It’s official: 2012 was the warmest year recorded in the U.S.It was also one of the most extreme, with unusual weather events occurring more frequently, and thus even more unusually.

How do we respond to this, psychologically? It seems likely that denial will become less of an option. See, for example, the Sydney Morning Herald’s article on Australian responses to widespread heat waves, drought, and wildfires. It will be a sign of hope if the reality of climate change becomes more widely accepted and less politically divisive.

But another pitfall is fatalism. Too many stories stressing the negative state of the climate may lead to a depressed acceptance that this is the new normal. “Oh well, we ruined the environment. What a shame. Nothing we can do about it now.” In fact, there is plenty we can – and should – do to turn things around.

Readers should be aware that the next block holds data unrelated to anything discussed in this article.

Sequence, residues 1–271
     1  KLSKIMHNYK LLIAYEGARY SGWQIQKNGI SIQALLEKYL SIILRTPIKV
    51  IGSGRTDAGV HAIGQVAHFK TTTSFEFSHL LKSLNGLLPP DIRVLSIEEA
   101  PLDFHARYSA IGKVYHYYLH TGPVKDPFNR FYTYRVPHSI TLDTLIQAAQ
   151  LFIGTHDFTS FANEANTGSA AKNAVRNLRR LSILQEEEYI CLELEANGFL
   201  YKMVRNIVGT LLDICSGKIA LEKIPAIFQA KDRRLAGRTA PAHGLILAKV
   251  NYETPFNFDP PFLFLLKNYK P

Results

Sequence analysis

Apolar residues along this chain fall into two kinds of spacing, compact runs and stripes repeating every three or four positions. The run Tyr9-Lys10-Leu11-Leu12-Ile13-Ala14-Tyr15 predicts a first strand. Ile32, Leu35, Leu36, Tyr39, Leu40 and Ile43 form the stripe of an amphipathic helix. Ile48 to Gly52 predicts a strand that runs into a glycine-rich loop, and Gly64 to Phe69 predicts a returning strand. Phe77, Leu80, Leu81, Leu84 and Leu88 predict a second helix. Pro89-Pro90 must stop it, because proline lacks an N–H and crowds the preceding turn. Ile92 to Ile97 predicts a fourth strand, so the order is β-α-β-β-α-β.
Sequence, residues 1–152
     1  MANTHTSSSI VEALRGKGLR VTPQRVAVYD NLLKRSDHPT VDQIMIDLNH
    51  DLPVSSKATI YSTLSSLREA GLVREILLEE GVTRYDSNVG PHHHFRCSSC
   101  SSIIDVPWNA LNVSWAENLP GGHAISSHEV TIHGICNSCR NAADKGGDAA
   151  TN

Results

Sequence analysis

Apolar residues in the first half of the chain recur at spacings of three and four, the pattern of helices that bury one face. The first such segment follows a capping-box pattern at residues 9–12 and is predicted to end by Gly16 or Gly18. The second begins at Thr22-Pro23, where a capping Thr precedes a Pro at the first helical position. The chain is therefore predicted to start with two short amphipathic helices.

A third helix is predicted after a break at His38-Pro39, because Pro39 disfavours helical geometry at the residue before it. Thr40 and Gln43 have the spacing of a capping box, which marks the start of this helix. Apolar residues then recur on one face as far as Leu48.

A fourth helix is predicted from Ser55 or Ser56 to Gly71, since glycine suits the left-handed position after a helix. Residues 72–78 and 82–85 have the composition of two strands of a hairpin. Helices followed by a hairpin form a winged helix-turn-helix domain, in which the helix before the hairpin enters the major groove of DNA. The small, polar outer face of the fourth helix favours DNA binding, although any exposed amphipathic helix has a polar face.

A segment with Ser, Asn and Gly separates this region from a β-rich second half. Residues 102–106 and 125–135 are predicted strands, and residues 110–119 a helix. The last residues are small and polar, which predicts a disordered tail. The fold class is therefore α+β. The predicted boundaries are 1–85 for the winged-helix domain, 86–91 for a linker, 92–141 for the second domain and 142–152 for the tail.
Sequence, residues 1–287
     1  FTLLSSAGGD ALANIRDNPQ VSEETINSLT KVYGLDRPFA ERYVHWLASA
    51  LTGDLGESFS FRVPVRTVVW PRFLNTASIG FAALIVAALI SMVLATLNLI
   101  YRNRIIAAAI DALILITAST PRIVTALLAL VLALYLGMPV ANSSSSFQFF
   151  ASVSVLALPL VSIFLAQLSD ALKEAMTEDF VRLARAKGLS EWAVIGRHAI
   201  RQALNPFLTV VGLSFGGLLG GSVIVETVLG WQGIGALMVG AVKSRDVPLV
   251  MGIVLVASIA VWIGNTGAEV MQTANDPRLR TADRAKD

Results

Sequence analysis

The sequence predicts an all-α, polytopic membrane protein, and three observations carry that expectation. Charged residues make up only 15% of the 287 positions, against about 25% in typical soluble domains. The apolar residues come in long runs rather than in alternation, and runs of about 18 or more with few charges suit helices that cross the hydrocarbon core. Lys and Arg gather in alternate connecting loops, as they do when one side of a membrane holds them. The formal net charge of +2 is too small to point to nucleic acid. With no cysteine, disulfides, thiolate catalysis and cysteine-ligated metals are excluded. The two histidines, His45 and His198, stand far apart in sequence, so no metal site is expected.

There’s a place for optimism. But there’s also a place for defensive pessimism. Julie Norem developed this idea to describe the people for whom the thought of negative outcomes is a motivation, inspiring them to work to avoid the worst.

In addition to the news about 2012’s record-breaking status, another story this past week was the virulent flu season – the worst for several years.

  The appropriate response, all the experts said, is to get a flu shot. It’s not too late.

We need to be aware of the serious threats to global climate. But we need to remember that we can take corrective action. Optimism or pessimism, whatever it takes to motivate change.

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